What to Do If You Are Appointed Guardianship of an Older Adult

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What to Do If You Are Appointed Guardianship of an Older Adult

If you are in the State of New Jersey and would like to discuss guardianship or your estate plan, our team at Willis Law Group LLC is here to provide you with any assistance that you may need. To schedule a consultation, we encourage you to give our main office a call at (877) 296-2575 or attend one of our free educational workshops throughout New Jersey.

Being appointed guardianship of a loved one is a serious responsibility. As the guardian, you are in charge of your loved one’s well-being and you have a duty to act in his or her best interest.

If an adult becomes mentally incapacitated or is incapable of making responsible decisions, the court will appoint someone into the role of decision maker. This person is often referred to as a “guardian” but is also called a “conservator” or other term in some states. Guardianship is a legal relationship between a competent adult (guardian) and a person who is no longer in a mental capacity to take care of his or her own affairs (ward).

Once you been appointed a guardian, the following items are things you need to know:

  • Read the court order. The court appoints the guardian, and it also sets up your powers and duties. You can be authorized to make legal, financial and health care decisions for the ward. Depending on the terms of the guardianship, you may or may not have to seek court approval for various decisions. If you are unsure what you are legally allowed to do, consult with a lawyer in your state.
  • Fiduciary duty. You have what is called a “fiduciary duty” to your ward, which is an extremely high standard. You are legally required to act in the best interest of your ward at all times, and you must manage your ward’s money and property carefully. With that in mind, it is imperative that you keep your personal finances separate from those of the ward. Additionally, you should never use the ward’s money to give (or lend) money to someone else or for someone else’s benefit (or your own benefit) without court approval. As part of your fiduciary duty, you must also maintain good records of everything you receive or spend. Keep all of your receipts and a detailed list of where the ward’s money was spent.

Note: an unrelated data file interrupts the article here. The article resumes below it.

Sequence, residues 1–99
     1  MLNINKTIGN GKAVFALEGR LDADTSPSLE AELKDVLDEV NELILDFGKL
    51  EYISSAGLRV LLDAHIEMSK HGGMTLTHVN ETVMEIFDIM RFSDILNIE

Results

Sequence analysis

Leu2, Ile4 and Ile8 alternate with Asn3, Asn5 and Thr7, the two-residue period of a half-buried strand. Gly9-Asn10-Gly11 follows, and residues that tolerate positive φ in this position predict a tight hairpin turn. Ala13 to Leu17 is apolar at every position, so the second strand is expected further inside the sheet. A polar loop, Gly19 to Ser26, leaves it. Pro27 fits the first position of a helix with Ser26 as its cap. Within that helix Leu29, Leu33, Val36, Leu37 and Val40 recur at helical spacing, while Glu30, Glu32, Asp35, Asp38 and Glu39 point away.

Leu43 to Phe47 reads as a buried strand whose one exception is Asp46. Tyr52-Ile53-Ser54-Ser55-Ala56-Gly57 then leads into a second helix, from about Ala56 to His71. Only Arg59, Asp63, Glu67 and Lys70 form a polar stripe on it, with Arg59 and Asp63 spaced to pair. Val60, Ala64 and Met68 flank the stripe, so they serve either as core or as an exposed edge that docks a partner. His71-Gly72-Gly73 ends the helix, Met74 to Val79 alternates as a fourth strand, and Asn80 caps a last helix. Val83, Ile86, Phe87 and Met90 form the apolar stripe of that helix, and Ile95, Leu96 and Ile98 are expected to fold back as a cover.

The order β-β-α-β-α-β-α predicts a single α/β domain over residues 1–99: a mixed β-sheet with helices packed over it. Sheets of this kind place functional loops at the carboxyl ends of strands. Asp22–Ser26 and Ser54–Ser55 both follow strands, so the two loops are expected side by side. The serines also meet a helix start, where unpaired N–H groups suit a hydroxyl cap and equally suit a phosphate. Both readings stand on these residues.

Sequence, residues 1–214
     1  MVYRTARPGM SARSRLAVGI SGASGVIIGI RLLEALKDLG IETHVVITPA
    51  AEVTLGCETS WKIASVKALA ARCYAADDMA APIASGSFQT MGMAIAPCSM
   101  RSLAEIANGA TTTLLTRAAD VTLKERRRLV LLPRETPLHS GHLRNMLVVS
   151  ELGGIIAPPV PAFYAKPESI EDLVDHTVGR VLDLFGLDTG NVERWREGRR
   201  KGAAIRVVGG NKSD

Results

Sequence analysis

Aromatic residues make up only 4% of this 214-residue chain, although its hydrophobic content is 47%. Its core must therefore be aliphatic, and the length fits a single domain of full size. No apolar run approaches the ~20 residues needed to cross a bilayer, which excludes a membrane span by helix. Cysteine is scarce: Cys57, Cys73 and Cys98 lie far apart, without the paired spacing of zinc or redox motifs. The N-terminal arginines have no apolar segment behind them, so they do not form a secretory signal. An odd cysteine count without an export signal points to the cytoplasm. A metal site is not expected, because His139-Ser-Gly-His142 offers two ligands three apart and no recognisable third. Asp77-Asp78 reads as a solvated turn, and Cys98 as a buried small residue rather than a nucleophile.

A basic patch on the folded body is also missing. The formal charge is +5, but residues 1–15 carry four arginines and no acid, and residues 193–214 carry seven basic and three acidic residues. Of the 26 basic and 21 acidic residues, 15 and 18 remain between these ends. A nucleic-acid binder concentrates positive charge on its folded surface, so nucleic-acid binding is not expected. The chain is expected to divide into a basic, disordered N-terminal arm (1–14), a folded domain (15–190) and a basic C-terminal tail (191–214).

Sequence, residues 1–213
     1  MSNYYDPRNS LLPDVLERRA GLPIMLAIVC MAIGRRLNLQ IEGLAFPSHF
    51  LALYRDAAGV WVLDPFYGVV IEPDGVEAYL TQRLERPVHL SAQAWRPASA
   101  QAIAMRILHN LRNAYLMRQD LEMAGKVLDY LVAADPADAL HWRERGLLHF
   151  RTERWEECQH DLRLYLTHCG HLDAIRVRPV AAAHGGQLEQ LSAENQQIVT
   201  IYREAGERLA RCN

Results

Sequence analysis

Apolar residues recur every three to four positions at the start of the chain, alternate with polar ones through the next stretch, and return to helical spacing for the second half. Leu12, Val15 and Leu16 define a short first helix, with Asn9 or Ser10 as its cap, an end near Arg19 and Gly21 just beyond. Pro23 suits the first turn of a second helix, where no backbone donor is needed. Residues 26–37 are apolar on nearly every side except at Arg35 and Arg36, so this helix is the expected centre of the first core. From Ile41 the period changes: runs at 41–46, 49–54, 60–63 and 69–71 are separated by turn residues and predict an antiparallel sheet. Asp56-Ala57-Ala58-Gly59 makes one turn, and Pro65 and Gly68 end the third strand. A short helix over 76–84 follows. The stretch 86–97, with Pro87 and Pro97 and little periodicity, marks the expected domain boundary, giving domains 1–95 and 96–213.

• File reports on time. The court order should specify what reports you are required to file. The first report is usually an inventory of the ward’s property. You then may have to file annual accountings with the court that detail what you spent and received on behalf of the ward. After the ward passes away or the guardianship ends, you will need to file a final accounting.
  • Consult the ward. You should include the ward in your decision-making as much as possible. Communicate what you are doing and try to determine what your ward would like to have done.
  • Don’t limit social interaction. Guardians should not limit a ward’s interaction with family and friends unless it would cause substantial harm. In some states, there are laws in place that require a guardian to allow the ward to communicate with loved ones. Social interaction is usually beneficial to both an individual’s well-being and sense of self-worth. In the event that the ward has to move, try to keep him or her near loved ones.

For more information, read a detailed guide from the Consumer Financial Protection Bureau on being a guardian.

By |2019-11-20T21:11:33-05:00November 20th, 2019|Estate Planning, Family Planning, Guardianship, Long-Term Care, Trust Administration|

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